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A killer is loose in the streets of New York City, killing exclusively
prostitutes ... and the police have no clue who it could be. So Ginny
(Djanine Lenon), a hooker with a heart of gold and lesbian lover of the
last victim (Marlene Stevens), teams up with Johnny (Steve Hollister), a
young cop much to idealistic for his job, and the two soon figure out the
killer has to be a man afraid of hookers - so they recruit Ginny's fellow
streetwalker Angela (Fleurette Carter) as decoy for the killer, and Johnny
follows her around all night for protection. However, while Angela and
Johnny are out fishing for killers, Ginny finds out that Louis (Tony
Palladino), barkeep of her favourite dive, seems to have a mortal fear of
hookers, so she secretly follows him home and breaks into his apartment
when he goes out once more, finding ... multitudes of mannequins, and
scattered between them some photographs that strongly suggest that he
indeed is the killer.
Meanwhile, Angela returns home, not having picked
up a killer all night. She asks Johnny up for a drink and/or a fuck, but
he turns her down (he's a married man after all), so the two part at the
elevator of her apartment building, Having gone only one floor up, Louis
joins Angela in the elevator, stops it, slays her, then rapes her dead
body. Johnny gets alarmed by the elevator's alarm, tries to enter the
cabin from above, but all he finds in the cabin is dead Angela, Louis has
long beat it.
Johnny meets his wife Ann (Joanna Mills) in front of the
bar Louis works at, but since he knows he has to deliver the news of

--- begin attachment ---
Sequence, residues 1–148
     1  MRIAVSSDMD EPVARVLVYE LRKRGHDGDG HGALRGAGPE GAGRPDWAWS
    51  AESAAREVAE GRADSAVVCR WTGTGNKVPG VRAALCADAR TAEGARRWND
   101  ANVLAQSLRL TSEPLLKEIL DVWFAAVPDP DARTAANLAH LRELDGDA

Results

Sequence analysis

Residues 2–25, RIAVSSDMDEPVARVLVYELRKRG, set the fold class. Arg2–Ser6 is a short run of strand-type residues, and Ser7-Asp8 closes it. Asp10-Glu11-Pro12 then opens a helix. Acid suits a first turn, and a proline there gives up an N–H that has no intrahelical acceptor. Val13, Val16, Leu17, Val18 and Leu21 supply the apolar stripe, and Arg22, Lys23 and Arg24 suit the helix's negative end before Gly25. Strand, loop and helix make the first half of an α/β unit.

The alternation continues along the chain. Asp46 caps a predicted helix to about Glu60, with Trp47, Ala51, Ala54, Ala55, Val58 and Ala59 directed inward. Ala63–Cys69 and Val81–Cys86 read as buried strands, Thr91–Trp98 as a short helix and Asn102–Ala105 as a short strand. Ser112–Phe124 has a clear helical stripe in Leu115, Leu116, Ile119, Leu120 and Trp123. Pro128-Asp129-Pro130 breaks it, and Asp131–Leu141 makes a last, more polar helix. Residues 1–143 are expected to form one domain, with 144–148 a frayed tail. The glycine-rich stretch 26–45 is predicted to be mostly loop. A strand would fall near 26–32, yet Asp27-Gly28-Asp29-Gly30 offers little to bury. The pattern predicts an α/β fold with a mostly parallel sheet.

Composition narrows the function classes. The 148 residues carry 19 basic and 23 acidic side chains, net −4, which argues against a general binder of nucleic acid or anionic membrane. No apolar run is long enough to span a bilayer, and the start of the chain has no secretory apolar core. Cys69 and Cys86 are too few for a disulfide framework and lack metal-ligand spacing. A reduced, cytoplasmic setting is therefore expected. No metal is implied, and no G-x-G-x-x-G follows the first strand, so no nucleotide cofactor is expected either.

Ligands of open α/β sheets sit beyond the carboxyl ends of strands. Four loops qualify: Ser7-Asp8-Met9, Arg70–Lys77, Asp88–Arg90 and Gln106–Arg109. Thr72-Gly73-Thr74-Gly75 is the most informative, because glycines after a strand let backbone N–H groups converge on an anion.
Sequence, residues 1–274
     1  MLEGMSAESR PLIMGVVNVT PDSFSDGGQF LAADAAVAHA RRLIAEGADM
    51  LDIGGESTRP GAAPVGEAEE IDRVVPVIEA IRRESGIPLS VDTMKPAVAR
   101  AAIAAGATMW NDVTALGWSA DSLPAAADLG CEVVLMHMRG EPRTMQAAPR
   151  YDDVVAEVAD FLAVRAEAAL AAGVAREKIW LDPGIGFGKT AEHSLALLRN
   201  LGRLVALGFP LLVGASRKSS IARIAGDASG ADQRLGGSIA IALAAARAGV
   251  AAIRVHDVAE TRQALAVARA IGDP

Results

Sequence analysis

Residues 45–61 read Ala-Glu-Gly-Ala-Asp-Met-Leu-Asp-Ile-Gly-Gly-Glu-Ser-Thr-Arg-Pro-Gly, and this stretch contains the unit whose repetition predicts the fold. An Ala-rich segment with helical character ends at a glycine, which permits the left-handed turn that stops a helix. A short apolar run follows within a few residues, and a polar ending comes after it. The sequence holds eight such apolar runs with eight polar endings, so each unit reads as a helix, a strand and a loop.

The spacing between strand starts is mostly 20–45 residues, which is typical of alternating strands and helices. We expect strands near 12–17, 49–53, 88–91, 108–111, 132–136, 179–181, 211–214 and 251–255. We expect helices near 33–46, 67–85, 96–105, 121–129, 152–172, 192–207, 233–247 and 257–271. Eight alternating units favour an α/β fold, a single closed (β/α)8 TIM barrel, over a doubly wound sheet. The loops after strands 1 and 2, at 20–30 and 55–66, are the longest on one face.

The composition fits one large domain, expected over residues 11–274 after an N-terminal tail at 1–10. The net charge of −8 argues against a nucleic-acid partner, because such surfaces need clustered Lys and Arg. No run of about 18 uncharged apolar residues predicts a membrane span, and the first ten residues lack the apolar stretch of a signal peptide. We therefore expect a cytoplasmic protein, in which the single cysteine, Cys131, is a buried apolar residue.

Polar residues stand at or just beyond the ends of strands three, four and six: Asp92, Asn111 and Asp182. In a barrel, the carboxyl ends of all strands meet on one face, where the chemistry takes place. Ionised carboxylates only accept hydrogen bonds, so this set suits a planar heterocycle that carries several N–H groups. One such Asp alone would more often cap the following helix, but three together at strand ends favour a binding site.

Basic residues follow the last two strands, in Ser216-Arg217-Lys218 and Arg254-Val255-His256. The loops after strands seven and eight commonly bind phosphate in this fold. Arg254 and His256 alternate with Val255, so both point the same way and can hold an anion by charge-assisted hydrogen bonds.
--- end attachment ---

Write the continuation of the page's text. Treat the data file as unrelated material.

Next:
Angela's death to Ginny, he asks Louis to escort Ann home, of course not
knowing that he's indeed the killer.
At Ginny's apartment, Ginny
(understandably) complains that Johnny hasn't done more to guard Angela's
life ... which for some reason leads to the two of them having passionate
sex. It's only after this that Ginny tells him that she thinks Louis is
the killer - much to the shock of Johnny of course ...
Back at Johnny's
apartment, Ann is fixing Louis a cup of coffee - and somehow he comes to
the conclusion she's a hooker, too (he has a childhood trauma you know,
his mother was a prostitute after all), and starts stabbing her. He
doesn't manage to quite kill her as Johnny and Ginny come rushing in, but
Louis gets away.
While Johnny is still trying to figure out where Louis
even lives and organize a squad to arrest him, Ginny gathers her fellow
whores, and when Louis returns home, Ginny and company are already there,
hiding amongst his mannequins, and finally they attack him, sexually
harrass him to traumatize him even more, then cut off his penis. Only then
the police arrive - but it looks like they are more shocked about the
castrated man and adamant to restore the patriarchal order of things than
they are shocked about Louis' hideous deeds and are happy to put an end to
Aroused, a roughie from the mid-1960's, is a
weird film: For one thing, there's the movie's content that seems to be
slightly ahead of its time (especially when it comes to some Freudian
sexual symbolism and its ambiguous ending), and on the other hand, this is
rather elegantly made for a film that must have been considered pure
sleaze in 1966 - there are beautifully mapped out sequences, interesting
(and suggestive) camera angles, a very fluid camerawork, a pretty decent
slightly jazzy musical score.
All that said, it would be wrong to call Aroused
a masterpiece, it's far from it: The acting is wooden mostly, the film's
psychological undercurrents are rather far-fetched, the suspense is not
properly built up, and there are several leaps of reason (first and
foremost, why doesn't Ginny tell Johnny about her suspicions concerning
Louis right away, instead makes love to him even though he has just gotten
a friend of hers killed?).
Now I'm not saying that isn't still an
interesting film within genre confines, because it is, but despite the
best efforts and being ahead of its time, it's several yards away from
being a genre classic.